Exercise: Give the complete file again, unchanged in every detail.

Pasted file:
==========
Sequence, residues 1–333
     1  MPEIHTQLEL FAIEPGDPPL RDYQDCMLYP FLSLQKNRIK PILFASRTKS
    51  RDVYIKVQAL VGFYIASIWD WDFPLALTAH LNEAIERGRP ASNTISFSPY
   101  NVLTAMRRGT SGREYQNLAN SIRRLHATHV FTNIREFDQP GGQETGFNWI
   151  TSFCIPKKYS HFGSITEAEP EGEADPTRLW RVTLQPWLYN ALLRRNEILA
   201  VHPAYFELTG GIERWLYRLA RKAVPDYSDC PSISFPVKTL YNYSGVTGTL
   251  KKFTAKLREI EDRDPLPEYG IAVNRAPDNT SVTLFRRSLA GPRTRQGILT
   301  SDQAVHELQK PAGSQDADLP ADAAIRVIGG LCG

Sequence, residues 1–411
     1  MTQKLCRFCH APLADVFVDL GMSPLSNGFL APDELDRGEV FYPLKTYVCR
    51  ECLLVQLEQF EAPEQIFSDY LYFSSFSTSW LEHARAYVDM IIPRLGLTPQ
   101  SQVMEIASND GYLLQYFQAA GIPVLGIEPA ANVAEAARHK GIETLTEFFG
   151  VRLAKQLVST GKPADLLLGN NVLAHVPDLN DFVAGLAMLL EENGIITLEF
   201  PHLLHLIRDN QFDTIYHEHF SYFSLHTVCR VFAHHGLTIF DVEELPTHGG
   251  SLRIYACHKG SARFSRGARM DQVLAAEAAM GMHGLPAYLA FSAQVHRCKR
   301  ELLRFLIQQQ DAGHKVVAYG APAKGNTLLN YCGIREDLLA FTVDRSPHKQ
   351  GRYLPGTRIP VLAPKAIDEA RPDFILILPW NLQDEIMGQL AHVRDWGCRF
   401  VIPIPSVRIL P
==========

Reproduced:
Sequence, residues 1–333
     1  MPEIHTQLEL FAIEPGDPPL RDYQDCMLYP FLSLQKNRIK PILFASRTKS
    51  RDVYIKVQAL VGFYIASIWD WDFPLALTAH LNEAIERGRP ASNTISFSPY
   101  NVLTAMRRGT SGREYQNLAN SIRRLHATHV FTNIREFDQP GGQETGFNWI
   151  TSFCIPKKYS HFGSITEAEP EGEADPTRLW RVTLQPWLYN ALLRRNEILA
   201  VHPAYFELTG GIERWLYRLA RKAVPDYSDC PSISFPVKTL YNYSGVTGTL
   251  KKFTAKLREI EDRDPLPEYG IAVNRAPDNT SVTLFRRSLA GPRTRQGILT
   301  SDQAVHELQK PAGSQDADLP ADAAIRVIGG LCG

Sequence, residues 1–411
     1  MTQKLCRFCH APLADVFVDL GMSPLSNGFL APDELDRGEV FYPLKTYVCR
    51  ECLLVQLEQF EAPEQIFSDY LYFSSFSTSW LEHARAYVDM IIPRLGLTPQ
   101  SQVMEIASND GYLLQYFQAA GIPVLGIEPA ANVAEAARHK GIETLTEFFG
   151  VRLAKQLVST GKPADLLLGN NVLAHVPDLN DFVAGLAMLL EENGIITLEF
   201  PHLLHLIRDN QFDTIYHEHF SYFSLHTVCR VFAHHGLTIF DVEELPTHGG
   251  SLRIYACHKG SARFSRGARM DQVLAAEAAM GMHGLPAYLA FSAQVHRCKR
   301  ELLRFLIQQQ DAGHKVVAYG APAKGNTLLN YCGIREDLLA FTVDRSPHKQ
   351  GRYLPGTRIP VLAPKAIDEA RPDFILILPW NLQDEIMGQL AHVRDWGCRF
   401  VIPIPSVRIL P